reduced the amount of compulsory content in order to strengthen the focus on depth of understanding and
developing student’s learning and problem-solving skills. I am sure there will be lessons to learn about
curriculum flexibility during this conference.
We need a rigorous curriculum with the right level of flexibility.
While I am addressing flexibility, let me also address the concerns that have been raised in recent weeks about
the national curriculum in relation to some non-government schools.
Because this Government believes in transparency and accountability, the Schools Assistance Bill currently
before Parliament, which provides for non-government school funding over the next four years, includes the same requirements for curriculum, assessment and transparency that will be applied to government schools
through the forthcoming National Education Agreement.
The national curriculum, once agreed and completed, will be compulsory. But it will not mean that every
school will be required to teach the same subjects, line by line, in the same way.
I recognise that some schools use a specialised curriculum such as the International Baccalaureate and that
some, such as Steiner and Montessori schools, have educational philosophies which involve a particular
approach to curriculum.
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Clearly there are a number of approaches that are internationally and educationally recognised and used by
schools that can show their approach to curriculum is well structured and high quality. I will ask the National
Curriculum Board to advise in due course on the most effective method for confirming this recognition of
well-established alternative curriculum frameworks.
What is not open for negotiation is the idea that a world-class curriculum will be an optional extra for schools
that are receiving significant public funds.
A NEW ERA OF TRANSPARENCY
A rigorous curriculum needs the right degree of flexibility.
It must also be aligned effectively with teaching and assessment.
High quality learning depends on great teaching of stimulating content.
Accurate, properly focused assessment of learning is an integral part of that process.
I believe that the combination of great teachers, new technologies and engaged communities has the potential
to deliver world class education to every Australian student.
That is why our reform agenda includes a strong focus on assessment and transparency, as well as ongoing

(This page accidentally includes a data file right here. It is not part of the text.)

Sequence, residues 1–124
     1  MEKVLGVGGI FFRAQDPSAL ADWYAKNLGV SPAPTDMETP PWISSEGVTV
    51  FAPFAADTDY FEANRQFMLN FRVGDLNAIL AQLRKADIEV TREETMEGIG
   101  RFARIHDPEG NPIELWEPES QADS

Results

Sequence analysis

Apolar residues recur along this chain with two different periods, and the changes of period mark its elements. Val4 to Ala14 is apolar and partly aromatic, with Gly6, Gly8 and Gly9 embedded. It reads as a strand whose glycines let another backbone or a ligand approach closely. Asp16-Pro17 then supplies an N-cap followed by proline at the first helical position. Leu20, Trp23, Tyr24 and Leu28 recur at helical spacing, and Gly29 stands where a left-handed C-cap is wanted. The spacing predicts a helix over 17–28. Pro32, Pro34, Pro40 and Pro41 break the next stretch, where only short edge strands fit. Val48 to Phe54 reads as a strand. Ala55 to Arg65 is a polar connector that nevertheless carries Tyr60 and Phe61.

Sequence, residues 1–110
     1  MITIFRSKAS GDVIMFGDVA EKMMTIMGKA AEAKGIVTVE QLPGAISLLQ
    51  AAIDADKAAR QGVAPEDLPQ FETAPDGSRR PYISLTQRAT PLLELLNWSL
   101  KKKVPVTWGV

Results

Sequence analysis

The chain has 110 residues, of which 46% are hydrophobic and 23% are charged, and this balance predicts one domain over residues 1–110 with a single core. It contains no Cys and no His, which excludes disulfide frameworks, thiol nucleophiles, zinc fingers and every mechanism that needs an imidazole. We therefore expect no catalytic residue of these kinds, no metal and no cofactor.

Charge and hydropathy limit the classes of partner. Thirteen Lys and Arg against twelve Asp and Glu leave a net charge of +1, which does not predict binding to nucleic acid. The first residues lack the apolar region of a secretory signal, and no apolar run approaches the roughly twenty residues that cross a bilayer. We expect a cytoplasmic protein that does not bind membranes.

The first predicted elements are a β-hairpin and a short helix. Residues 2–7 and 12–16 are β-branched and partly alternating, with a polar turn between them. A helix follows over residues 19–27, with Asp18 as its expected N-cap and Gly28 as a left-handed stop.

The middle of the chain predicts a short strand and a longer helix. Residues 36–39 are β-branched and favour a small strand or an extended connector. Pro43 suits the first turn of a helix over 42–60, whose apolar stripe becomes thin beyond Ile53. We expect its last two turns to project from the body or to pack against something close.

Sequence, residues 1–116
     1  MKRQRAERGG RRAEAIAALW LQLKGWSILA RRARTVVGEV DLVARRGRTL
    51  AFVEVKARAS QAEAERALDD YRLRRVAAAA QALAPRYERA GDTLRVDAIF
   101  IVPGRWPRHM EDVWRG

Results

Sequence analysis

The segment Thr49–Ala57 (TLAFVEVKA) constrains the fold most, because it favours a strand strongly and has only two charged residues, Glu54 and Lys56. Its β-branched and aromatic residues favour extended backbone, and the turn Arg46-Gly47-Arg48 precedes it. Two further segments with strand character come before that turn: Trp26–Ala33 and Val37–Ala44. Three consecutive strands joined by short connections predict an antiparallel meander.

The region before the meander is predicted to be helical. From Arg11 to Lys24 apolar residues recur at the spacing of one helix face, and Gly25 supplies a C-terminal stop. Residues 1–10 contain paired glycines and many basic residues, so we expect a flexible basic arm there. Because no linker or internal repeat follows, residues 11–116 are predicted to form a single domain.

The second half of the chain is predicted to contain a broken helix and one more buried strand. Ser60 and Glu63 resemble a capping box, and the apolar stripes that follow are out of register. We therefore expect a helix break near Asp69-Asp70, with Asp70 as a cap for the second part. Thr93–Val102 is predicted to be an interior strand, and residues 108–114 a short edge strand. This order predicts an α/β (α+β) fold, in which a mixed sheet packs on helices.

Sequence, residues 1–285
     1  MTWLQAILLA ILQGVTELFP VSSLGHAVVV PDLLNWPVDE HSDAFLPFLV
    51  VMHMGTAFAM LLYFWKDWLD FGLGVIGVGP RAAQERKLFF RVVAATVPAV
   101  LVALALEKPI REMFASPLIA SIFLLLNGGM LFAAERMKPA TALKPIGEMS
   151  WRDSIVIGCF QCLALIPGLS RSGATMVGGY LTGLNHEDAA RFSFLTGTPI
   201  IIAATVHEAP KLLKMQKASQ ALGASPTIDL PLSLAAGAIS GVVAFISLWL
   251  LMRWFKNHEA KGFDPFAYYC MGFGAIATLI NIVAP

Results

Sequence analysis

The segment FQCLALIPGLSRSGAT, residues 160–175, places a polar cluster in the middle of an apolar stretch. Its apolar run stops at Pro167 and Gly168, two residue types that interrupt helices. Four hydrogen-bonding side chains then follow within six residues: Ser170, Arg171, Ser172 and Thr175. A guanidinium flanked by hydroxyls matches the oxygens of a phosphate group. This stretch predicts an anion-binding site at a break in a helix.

investment in the curriculum materials and professional development that support great teaching.
That includes, as I’m sure you all know, to a new level of transparency in the reporting of student and school
The Prime Minister and I have both argued that to lift performance and direct new resources to where they
will make most difference, we need a new level of rigour and openness in the collection and publication of
information about student outcomes.
This year we have made real progress in working with State and Territory governments to develop a
framework for publishing consistent, accurate and appropriate information.
This debate raises strong feelings. We recognise that the misapplication of over-simple measures can have
negative and perverse effects on schools.
But that is not what we propose. Instead, we will be insisting on comprehensive information which will be put
in its proper context. Specifically, we will be comparing how the performance of a school compares to that of
other ‘like schools’ serving similar student groups.
If we are to properly understand how great schooling can improve educational outcomes in every kind of
community, we must accept the case for transparency and accountability across the whole of Australia’s school
CONCLUSION: ALIGNING OUR ACTIONS
To ensure this alignment in our national school reform agenda, we are establishing a new national body: the
Australian Curriculum, Assessment and Reporting Authority (or ‘ACARA’).
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For the first time in Australia, these roles will be comprehensively brought together. ACARA will be funded by
$37 million from the Commonwealth, with further contributions from the States and Territories. It will report
to all Australian Education Ministers through the Ministerial Council.
The ongoing work of the National Curriculum Board will now form part of this new authority, placing it in a
comprehensive framework for the future of Australian schooling.
I am confident that it will play a positive and influential role in taking forward our schooling agenda.
An Education Revolution requires a long term commitment to action at every level of our school system and
Those actions have already begun. We are deliberately taking them in a way that builds a platform for
sustained, far-reaching change.
With your help, we can take this opportunity to make Australian schooling among the best that the 21st
century has to offer.
It will need effort, innovation and a commitment to collaboration.
That’s what this conference is all about and I wish you well for the conference ahead.